While reading chapter six, it really caught my attention.   I have a couple of friends who speak about playing World of Warcraft.  Needless to say, they have all of confessed how playing this game has made them very addicted to it.  This has made me think about the other video games that millions of Americans have become very addicted to playing.  The burning question that I have always wanted to know an answer to is, “Why are people so addicted to playing video games?”  I have always looked at video games as an escape from reality.  Sadly there are some people who do not love the life that they have.  Difficulties in life such as work, school or even bullying make facing everyday life hard for some individuals.  I’ve always seen the addiction that some games have is something that they have to escape the reality that they have to face on a daily basis.  Of course there are people who play games just to make the time pass, but what about the people who play for for multiple hours on end?  What seems to be the underlying dilemma that they face?  What are your thoughts on the situation?


3 thoughts on “WoW….Addicted!”

  1. Video game addiction is clearly a serious issue for any one who suffers from it. However we have to be careful how we are using the word “addiction.” The average American spends 5 hours a day watching television. That’s 35 hours per week. Is the average American addicted to TV? I think we’d say “no,” but TV is clearly an integral part of American culture.

    On the other hand, we might say a kid playing video games for the same amount of time is addicted.

  2. I like the connection that Professor Reid made between TV and video games. Why is it that when we watch TV for such a long time, its not considered an addiction but when video games are played for the same amount of time, we have a different outlook on it? I think the difference is that with TV, there is a wide variety of shows that can be watched, from Nat Geo, to Jerry Springer, to The Game of Thrones. Because of the vast differences is the types of shows, the possibilities of learning something from these shows are obvious. I think that this is more subtle in video games. Its not so obvious that the challenges that are presented in video games cane be meant to prepare people for the challenges we face in real life.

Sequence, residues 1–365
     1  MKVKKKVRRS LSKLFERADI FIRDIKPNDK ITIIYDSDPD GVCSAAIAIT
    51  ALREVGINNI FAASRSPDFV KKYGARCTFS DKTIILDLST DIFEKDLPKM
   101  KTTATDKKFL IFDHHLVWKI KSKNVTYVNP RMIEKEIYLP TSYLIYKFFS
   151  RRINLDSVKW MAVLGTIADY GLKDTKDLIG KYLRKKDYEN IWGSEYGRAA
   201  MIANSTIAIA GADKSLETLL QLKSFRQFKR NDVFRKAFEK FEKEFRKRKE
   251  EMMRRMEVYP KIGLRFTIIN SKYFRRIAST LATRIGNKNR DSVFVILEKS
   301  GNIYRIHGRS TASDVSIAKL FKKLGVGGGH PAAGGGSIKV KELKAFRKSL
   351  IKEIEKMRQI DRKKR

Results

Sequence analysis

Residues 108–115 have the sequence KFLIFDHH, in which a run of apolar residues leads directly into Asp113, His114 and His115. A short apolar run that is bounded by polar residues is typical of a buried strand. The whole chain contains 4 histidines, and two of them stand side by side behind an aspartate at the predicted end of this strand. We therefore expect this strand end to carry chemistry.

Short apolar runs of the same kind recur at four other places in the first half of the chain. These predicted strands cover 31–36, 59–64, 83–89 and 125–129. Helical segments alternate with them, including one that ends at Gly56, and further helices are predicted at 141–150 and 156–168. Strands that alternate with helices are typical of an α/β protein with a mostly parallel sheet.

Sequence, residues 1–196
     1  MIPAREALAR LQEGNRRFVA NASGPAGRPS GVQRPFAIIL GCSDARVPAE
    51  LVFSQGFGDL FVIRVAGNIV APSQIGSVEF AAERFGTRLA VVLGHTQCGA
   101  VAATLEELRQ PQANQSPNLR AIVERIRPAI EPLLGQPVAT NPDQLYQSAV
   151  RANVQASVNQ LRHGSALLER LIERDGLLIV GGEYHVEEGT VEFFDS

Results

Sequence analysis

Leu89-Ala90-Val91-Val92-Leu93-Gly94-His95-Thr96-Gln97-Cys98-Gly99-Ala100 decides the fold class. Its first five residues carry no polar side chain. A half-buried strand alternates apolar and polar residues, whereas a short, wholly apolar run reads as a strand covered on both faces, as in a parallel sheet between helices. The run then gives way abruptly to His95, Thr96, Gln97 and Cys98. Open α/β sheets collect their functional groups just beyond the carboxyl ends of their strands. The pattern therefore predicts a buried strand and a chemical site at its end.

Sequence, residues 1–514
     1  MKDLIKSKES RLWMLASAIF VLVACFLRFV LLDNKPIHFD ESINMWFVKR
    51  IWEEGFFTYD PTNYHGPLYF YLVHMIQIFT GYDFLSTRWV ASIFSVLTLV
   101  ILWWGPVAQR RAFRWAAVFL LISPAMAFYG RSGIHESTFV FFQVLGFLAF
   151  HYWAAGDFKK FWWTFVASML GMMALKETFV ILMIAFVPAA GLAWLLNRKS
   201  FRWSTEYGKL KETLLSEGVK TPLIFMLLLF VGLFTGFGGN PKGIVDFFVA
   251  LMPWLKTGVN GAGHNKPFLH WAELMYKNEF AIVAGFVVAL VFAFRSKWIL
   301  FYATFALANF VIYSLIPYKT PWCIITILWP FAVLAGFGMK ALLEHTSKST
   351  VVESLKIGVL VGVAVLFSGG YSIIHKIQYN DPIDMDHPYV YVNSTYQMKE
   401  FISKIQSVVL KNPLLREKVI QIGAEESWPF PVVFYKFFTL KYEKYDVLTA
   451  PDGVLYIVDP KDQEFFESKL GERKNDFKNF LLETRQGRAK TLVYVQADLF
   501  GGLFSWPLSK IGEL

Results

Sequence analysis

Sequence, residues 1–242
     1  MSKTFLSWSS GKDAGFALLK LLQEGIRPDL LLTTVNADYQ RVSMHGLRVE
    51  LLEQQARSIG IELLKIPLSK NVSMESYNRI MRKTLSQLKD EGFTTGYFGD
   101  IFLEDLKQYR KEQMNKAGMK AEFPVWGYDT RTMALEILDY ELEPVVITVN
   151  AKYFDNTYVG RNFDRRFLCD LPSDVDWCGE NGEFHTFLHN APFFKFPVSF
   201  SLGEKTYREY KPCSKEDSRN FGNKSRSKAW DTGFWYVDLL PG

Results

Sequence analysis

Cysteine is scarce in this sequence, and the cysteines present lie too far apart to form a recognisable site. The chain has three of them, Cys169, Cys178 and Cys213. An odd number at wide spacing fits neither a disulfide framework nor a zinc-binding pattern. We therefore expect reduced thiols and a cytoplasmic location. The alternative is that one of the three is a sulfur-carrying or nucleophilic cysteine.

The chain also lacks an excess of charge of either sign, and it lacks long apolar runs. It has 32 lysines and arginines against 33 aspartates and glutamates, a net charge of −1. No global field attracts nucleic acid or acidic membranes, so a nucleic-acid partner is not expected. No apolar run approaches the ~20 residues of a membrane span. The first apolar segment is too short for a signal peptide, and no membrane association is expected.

I do think that when people excessively play video games, it has become their escape from reality. I often find that people get by in life by avoiding the situations that they face in everyday life. Instead of confronting them head on, they find an outlet and video games could be one of them. I also think that people can become addicted to video games because of what their lacking in their own lives. Maybe they’re not being challenged enough at work or school and video games allows them to be mentally stimulated.

  3. Call of Duty had been excessively addictive for me in the past, namely back in high school because in general, those were some rough years for me anyway. I could actually feel the addiction, because I had what I’d call actual symptoms: always thinking about the game, even when not playing; constantly trying to sneak in games here and there, even when I didn’t really have time; entire weekends and weeknights devoted to only playing the game; a few other small things, but perhaps most markedly was the fact that I kept playing even when it ceased to be fun anymore. I would get killed constantly, bullets wouldn’t register through lag or something, and every single enemy knew how to catch me off guard because the stars were aligning and the universe despised me and so on and so forth. The rage from the game often carried into my real life for a few hours after playing.

    I did just fine grade-wise in highschool, but I just could not stand most of the people. Now, of course, I’ve pulled much further away from games since then, but I would definitely agree with the escape logic- I would go there and even as bad as it was sometimes, I would stay there. Had to reach next level, next prestige, or whatever. No bully could make me look or feel bad in that game. I was a champion and often the top of the team.

    Kind of makes me sick just thinking about all this again. But I’d never felt the -need- to play a game like that, regardless of how the game went or whether it was even much fun. Thus, I think a great deal of the “addiction” part of this is in the player’s head. That’s where the need to play is.

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